Transmission of Xylella fastidiosa by naturally infected Philaenus spumarius (Hemiptera, Aphrophoridae) to different host plants


D. Cornara (a), V. Cavalieri (b), C. Dongiovanni (c), G. Altamura (b), F. Palmisano (c), D. Bosco (d), F. Porcelli (a), R. P. P. Almeida (e), M. Saponari (b)

First and second authors equally contributed to the work

(a) DiSSPA-UNIBA Aldo Moro, Sez. Entomologia e Zoologia, Bari, Italy; (b) CNR Istituto per la Protezione Sostenibile delle Piante, Sede di Bari, Bari, Italy; (c) Centro di Ricerca, Sperimentazione e Formazione in Agricoltura ‘Basile-Caramia’, Locorotondo, Bari, Italy; (d) DISAFA – Entomologia, Università degli Studi di Torino, Grugliasco, Torino, Italy; (e) ESPM, University of California Berkeley, Berkeley, CA, USA


The recent establishment of Xylella fastidiosa subspecies pauca in the southern Italian region of Apulia threatens agricultural crops and the environment. Olive is an important and widespread ancient crop in Italy and, so far, the most impacted host. The meadow spittlebug Philaenus spumarius (Hemiptera, Aphrophoridae) has been identified as a vector of X. fastidiosa in southern Italy; this species is one of the most common potential vectors in Europe. To generate disease management strategies, data on X. fastidiosa transmission by P. spumarius are necessary. Therefore, we carried out transmission experiments by using field-collected spittlebugs in 2014 and 2015 (5 and 11 collection dates, respectively), and transferring groups of insects immediately on to recipient plants. Various host plant species were tested: olive, oleander, sweet orange, grapevine and the stone fruit rootstock GF677 (Prunus persica × Prunus amygdalus). Xylella fastidiosa was detected in all the host plants after insect plant access except for grapevine; infections to sweet orange and stone fruit were not systemic. In 2015, estimates of insect X. fastidiosa infectivity were obtained; the number of PCR-positive P. spumarius on each plant was positively correlated with the plant infection status. The proportion of P. spumarius infected with X. fastidiosa ranged from 25% to 71% during the entire survey period. The number of X. fastidiosa cells detected in P. spumarius heads ranged from 3.5 × 10 to 4.0 × 102 (CFU equivalents), which is lower than that reported for leafhopper vectors in the Americas. These data show that field-collected P. spumarius have high rates of X. fastidiosa infection and are competent vectors.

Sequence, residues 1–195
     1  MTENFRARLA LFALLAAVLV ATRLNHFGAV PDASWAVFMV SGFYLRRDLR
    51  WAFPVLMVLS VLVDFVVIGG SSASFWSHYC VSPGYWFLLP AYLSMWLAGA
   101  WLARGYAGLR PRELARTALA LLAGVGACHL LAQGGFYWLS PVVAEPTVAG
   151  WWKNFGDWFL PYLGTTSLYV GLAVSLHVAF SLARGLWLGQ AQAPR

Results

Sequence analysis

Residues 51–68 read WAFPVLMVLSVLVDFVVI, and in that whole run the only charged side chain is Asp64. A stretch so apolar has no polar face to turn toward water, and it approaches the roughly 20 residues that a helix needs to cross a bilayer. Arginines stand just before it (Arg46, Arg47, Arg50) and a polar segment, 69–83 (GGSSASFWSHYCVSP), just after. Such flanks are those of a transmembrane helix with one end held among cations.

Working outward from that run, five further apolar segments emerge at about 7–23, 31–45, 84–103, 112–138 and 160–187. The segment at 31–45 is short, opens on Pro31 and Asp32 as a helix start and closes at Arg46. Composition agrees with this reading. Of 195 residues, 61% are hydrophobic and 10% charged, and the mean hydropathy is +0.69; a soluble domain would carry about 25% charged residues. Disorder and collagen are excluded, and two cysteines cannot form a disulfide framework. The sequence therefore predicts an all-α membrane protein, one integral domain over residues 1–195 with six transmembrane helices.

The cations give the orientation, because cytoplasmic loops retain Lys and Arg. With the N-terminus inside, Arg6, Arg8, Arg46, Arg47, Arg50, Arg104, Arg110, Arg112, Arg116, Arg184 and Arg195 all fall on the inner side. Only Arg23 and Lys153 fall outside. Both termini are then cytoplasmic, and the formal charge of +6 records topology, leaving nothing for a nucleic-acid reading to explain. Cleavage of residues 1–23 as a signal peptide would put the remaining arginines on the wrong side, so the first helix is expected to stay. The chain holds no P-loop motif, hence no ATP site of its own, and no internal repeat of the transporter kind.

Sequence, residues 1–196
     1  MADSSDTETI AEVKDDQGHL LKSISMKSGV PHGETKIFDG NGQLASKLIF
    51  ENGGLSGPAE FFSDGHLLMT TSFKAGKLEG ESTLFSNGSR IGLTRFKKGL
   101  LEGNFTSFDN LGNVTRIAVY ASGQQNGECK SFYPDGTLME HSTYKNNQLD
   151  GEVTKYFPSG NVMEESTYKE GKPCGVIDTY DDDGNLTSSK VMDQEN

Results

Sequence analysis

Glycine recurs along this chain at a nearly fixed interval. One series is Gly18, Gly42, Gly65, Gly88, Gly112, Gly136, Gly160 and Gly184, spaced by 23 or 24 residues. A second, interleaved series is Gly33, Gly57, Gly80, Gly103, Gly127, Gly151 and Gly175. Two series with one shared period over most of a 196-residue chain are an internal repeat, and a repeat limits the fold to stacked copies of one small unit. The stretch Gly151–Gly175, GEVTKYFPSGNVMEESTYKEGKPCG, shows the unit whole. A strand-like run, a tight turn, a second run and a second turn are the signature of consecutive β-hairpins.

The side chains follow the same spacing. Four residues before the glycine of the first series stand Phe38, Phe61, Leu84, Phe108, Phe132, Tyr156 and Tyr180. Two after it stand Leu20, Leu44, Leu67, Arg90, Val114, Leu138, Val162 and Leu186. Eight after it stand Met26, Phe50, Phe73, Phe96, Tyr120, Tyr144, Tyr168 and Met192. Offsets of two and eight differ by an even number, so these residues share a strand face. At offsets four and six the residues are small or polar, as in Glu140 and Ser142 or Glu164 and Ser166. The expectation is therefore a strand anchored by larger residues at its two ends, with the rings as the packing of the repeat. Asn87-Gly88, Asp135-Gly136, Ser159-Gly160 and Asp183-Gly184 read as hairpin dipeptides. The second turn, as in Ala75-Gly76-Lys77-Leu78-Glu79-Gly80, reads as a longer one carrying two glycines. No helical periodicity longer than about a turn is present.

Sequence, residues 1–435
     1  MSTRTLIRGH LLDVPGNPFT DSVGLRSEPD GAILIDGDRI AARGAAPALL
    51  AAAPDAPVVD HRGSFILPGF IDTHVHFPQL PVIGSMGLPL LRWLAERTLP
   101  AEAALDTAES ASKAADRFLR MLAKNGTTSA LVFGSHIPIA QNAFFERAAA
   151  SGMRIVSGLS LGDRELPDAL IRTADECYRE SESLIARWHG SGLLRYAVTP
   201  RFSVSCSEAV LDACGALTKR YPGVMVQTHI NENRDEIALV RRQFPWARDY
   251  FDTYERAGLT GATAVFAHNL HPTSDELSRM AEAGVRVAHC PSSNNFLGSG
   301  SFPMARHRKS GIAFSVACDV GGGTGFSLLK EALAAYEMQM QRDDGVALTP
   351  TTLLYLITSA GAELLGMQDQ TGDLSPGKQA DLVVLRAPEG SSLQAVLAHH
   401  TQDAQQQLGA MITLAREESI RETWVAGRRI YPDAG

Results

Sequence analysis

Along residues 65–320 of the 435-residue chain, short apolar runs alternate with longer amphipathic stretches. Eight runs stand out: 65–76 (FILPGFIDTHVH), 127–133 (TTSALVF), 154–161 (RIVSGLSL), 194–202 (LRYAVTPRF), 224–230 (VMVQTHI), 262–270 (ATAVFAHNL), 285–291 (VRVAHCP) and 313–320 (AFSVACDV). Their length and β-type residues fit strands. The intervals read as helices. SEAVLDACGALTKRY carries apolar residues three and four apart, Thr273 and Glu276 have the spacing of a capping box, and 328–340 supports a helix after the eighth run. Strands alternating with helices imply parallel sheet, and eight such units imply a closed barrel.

Published on October 25, 2016 by JOURNAL OF APPLIED ENTOMOLOGY